Morgan le Fay and Rhiannon as Sister Goddesses

I have always felt that Morgana and Rhiannon were connected.    Recently, I have deepened into the opinion that Morgana and Rhiannon can be seen as Sister Goddesses.    They have a lot of the same powers and abilities, and seem to be two sides of the same coin in many ways!   It is this subject matter that I would like to focus on with this post.

Rhiannon had her story first written down in the Welsh medieval text The Mabinogion, and Morgen was first mentioned in the Vita Merlini by Geoffrey of Monmouth.    This is the first obvious link between the two great Faery Queen Goddesses.    They were both brought into the literary world, and the consciousness in the medieval period.   

Morgana and Rhiannon both have connections to birds.    Rhiannon has a trio of magical birds who can “raise the dead, and lull the living to sleep.”    Morgana had the ability to transform into a crow at will!   This power of Morgen le Fay is shown from Geoffrey of Monmouth onward.   Monmouth mentioned that Morgen could “fly like Dedalus on strange wings.”    I know this is a bit off topic, but this also relates them in some way to my favorite Queen of all time, as Anne Boleyn had a falcon badge as one of her emblems!    In any case Morgana and Rhiannon can be seen as sisters for their shared link to birds.

Both of these Goddesses have a connection to the sovereignty of the land.    Part of Rhiannon’s story shows her as a faerie Queen marrying a human and in doing so granting him the rule of the land!   Morgan le Fay presents challenges to knights in Arthur’s court, and this is a prime facet of sovereignty Goddesses, as it is testing the knight to prove his worthiness.    Most notably she does this in the medieval tale of Sir Gawain and the Green Knight, and is even referred to in the text as “Morgan the Goddess.”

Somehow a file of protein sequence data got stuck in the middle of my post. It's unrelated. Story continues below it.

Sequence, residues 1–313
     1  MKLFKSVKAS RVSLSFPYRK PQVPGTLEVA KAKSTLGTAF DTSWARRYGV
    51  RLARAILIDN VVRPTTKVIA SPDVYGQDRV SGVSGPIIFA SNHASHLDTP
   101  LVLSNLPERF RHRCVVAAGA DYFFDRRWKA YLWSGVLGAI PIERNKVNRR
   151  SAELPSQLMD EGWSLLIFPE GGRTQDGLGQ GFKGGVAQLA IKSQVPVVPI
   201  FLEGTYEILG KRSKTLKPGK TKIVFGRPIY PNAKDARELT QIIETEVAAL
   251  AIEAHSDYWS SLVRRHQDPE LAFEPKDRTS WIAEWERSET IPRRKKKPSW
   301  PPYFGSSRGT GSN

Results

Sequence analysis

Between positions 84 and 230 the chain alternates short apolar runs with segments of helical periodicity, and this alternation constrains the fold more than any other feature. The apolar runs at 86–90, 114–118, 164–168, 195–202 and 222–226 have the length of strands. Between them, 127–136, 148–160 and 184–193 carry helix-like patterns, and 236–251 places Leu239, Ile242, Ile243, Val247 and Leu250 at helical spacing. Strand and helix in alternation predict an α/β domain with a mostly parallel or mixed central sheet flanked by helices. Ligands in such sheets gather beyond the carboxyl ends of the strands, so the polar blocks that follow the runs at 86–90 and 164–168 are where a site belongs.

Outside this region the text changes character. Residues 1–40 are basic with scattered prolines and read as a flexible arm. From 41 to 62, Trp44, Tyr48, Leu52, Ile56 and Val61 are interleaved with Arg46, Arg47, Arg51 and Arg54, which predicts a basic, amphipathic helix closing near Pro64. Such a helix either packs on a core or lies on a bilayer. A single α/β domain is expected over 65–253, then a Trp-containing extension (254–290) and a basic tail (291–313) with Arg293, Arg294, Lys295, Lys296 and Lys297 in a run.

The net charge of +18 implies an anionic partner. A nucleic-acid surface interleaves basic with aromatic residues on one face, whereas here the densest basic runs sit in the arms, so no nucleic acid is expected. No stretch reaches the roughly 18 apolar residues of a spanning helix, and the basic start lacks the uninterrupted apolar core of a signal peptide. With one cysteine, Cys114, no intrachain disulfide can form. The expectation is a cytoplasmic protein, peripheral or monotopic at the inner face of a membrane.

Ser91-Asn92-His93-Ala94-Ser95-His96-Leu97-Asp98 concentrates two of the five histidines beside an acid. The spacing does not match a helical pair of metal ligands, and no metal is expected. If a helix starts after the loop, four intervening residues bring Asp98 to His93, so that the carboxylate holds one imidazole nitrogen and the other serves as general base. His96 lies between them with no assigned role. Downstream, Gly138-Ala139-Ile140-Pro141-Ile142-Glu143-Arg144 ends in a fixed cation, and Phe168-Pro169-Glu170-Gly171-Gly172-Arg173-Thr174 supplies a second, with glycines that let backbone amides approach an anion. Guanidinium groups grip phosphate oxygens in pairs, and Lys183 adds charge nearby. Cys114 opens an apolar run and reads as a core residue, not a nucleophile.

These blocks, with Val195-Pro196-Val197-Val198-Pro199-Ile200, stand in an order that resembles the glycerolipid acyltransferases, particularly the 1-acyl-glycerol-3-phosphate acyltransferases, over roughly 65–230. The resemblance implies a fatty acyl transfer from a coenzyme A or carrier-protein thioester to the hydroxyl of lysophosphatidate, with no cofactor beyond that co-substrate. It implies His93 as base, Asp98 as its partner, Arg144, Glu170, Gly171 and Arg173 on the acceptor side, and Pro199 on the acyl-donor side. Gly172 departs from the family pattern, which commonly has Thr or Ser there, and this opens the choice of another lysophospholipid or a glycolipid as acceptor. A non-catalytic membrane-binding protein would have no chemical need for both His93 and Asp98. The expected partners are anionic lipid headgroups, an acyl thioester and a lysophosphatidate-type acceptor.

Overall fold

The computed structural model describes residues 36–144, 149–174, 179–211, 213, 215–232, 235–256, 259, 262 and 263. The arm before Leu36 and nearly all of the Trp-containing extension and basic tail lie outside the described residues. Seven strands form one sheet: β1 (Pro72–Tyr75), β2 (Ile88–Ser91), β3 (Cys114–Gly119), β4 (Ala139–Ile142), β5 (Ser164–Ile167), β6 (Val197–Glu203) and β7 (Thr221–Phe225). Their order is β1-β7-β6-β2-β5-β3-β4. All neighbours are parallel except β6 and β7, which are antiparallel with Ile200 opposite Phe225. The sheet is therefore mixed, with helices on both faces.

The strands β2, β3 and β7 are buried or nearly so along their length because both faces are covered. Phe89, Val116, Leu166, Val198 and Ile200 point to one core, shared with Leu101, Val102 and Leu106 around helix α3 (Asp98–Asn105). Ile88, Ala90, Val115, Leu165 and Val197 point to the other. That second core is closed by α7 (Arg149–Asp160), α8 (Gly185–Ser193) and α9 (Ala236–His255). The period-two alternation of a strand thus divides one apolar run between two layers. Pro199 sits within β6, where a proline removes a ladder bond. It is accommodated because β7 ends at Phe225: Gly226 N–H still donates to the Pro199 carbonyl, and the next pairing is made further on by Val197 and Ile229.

Both Morgana and Rhiannon have sons that effect their stories.    Rhiannon’s son, beginning with his birth and later with his return, impacts her story greatly.    Rhiannon’s son also goes on to choose a man for his mother to marry in her widowhood.   Morgana’s son Yvain (or Owain) prevents her from killing her husband.    In other versions, where she is also the mother of Mordred, she has a son that attempts to usurp the throne from his father!    In this case both have sons that try to become kings, further linking their stories.

In the case of both of these powerful Goddesses, we find powerful women who are unwilling to give up in the face of adversity.    Rhiannon teaches us to keep your dignity in the face of betrayal, and Morgana teaches us to not let others make your decisions for you!   Rhiannon is often associated with the light, however, she is also a Goddess of death in having her birds being able to control the dead.    Morgana is often associated with the darkness, however, she is also a healer (which is light magic).   They are both complex Great Goddesses who are sisters and different sides of the same coin!

I hope you have enjoyed this analysis of Morgan and Rhiannon.   Let me know your thoughts in the comments below!

Note on Image: The image at the top of the post is Morgen.   I found the image on

Further Reading

  • Sir Gawain and the Green Knight by the Pearl Poet
  • The Mabinogion translated by Sioned Davies
  • Le Morte d’Arthur by Sir Thomas Malory
  • Vita Merlini by Geoffrey of Monmouth